Despite Tom and Ed forging ahead of the pack for the majority of the race, unfortunately they were miss-directed by a marshal overseeing a nearby Triathlon at the last mile – who then accidentally sent them on a further 3-4 mile trip where they ended up finishing a completely
Overall the day was a long, hard slog, but a great team effort assisted in raising a significant amount for an extremely worthy cause!
Team members final times recorded were as follows:-
Well done to everyone who took part and a big thank you to all those who sponsored us and helped us reach our target!
A recent story in the Daily Telegraph raised the question of whether the 'student housing bubble' was about to burst. Duncan Reeves, Associate Director and head of Student Lettings in the Caxtons' Canterbury office responded to some of the messages promoted.
The journalist's position was that the student sector had seen an upsurge in the availability of expensive, luxurious alternatives to traditional accommodation. It is true that developers large and small have invested in purpose built student accommodation (PBSA), whether converting existing buildings or building off plan. It is also true that students are now spoilt for choice and the oversupply is affecting all areas of the student accommodation market.
Duncan agreed that a key point raised, relating to a drop in demand from students, does resonate.
"With the big PBSA providers now firmly established in Canterbury, it will be interesting to see what effect this will have long term on the existing student accommodation."
The first wave of PBSA in Canterbury, which began over 10 years ago, are located on the outskirts of the city – not as convenient for study or socialising. These properties may begin to suffer as students gravitate to the newer blocks in the city centre. There is also a murmur amongst agents that communal house living is still in demand as hard-up students look to save money, so some of the studio apartments that are favoured by developers may not be such a hit with the students.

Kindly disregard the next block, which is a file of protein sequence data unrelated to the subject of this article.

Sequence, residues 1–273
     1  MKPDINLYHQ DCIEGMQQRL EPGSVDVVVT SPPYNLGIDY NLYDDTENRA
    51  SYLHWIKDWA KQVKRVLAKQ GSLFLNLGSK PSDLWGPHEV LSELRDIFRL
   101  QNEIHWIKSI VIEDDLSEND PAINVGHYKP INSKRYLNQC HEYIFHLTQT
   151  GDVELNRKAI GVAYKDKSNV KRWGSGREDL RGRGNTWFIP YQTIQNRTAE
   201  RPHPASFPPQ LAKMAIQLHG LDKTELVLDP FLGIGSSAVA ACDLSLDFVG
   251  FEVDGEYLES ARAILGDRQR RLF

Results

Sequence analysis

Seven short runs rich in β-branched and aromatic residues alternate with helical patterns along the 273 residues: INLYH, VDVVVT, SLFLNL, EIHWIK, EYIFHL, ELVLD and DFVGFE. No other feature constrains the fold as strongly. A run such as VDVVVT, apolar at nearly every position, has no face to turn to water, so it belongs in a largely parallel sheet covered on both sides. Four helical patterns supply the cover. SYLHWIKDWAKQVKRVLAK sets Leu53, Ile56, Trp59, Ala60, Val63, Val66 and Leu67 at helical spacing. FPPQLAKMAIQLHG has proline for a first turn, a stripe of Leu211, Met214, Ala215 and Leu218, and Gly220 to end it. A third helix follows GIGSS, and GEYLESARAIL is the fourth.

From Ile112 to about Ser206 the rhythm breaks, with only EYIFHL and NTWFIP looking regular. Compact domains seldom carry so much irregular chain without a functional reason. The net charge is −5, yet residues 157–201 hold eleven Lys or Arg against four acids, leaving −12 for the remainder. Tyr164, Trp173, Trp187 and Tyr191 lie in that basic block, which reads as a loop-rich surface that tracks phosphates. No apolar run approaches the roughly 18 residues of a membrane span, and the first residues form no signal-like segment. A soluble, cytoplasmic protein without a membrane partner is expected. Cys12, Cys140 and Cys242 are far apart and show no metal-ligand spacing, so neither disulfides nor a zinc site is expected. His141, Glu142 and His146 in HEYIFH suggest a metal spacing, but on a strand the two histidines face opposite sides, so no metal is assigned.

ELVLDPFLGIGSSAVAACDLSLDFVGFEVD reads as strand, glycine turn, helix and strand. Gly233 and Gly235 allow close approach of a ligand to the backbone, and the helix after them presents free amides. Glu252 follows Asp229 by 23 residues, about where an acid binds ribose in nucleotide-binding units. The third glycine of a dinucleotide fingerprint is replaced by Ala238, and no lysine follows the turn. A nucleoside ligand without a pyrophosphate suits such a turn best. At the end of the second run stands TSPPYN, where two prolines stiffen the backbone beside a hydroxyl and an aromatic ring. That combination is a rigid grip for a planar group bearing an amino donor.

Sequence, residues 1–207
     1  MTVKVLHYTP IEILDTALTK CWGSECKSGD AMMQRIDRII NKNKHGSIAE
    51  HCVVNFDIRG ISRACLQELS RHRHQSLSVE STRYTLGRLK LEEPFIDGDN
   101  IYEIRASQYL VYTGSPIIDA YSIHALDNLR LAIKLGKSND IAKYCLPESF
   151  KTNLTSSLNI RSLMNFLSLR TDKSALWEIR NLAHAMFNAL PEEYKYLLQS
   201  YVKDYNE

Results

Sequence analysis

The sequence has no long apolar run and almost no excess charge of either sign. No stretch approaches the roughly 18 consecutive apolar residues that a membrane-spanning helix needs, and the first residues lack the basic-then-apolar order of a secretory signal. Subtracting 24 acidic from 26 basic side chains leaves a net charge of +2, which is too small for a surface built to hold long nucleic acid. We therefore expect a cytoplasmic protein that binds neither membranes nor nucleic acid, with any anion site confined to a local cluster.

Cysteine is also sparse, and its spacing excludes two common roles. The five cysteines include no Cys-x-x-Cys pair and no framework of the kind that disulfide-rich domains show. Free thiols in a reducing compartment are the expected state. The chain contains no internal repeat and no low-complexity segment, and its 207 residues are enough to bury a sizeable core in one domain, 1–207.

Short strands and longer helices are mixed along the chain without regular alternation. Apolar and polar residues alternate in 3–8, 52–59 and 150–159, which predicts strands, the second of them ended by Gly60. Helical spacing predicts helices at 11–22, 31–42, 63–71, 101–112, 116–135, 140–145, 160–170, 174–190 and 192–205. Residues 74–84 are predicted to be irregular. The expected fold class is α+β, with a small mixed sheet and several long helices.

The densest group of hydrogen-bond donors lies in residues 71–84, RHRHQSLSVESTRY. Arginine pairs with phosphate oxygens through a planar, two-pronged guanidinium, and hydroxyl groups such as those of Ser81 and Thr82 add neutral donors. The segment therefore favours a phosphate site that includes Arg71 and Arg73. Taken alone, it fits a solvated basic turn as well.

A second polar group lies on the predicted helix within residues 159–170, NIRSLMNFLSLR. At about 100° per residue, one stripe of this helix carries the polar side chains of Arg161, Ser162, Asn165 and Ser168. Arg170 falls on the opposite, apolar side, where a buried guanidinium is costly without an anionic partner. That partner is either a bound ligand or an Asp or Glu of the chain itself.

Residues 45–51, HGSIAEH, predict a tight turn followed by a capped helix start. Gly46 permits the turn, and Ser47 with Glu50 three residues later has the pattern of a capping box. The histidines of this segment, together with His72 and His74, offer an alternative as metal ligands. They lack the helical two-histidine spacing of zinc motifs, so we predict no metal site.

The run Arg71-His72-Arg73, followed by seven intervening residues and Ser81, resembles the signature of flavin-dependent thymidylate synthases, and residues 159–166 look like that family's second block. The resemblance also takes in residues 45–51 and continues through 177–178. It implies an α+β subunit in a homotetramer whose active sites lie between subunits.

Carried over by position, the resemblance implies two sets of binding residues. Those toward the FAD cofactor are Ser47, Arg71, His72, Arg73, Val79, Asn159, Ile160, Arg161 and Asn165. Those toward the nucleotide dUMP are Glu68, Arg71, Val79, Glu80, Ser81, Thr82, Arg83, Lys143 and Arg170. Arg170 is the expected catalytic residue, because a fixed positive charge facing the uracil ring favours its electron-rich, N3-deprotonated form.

Duncan continues "I don't believe that student property in Kent is very different from other university towns and with less than a week until terms starts, we have half-a-dozen studios on our books and landlords are accepting discounted rents to attract tenants.
"A large proportion of tenants who have rented purpose built studios are overseas students and money is less of an issue than for UK students. Even so, with the increased competition it has put pressure on some of the developments on the outskirts of the city."
So - have we reached saturation point with the number of student studios in Canterbury?
Duncan's opinion was "Where there are still sites available within walking distance of the University of Kent, or in the city centre, it may make out-lying student properties more challenging to let - as evidenced with the new CRM block at the moment."
An alternative view is that the continued development of PBSA may free up much needed housing stock as landlords of traditional HMO's are forced to sell up. This does not appear to be the case so far this year and Caxtons increased their stock of traditional HMOs, which have let well.
Whilst there has been a desire – even a necessity - for PBSA in recent years, for the majority of UK based students, the pressure of increased tuition fees has meant they are looking for better value over outright exclusivity and facilities. Whilst it is possible that HMOs, just like PBSA, located on the outskirts of town or cities or in poor locations will struggle and may be sold on, there is still strong demand for this traditional student property in Kent. The argument that first time buyers or families would be interested in buying this high turnover letting stock is definitely not guaranteed.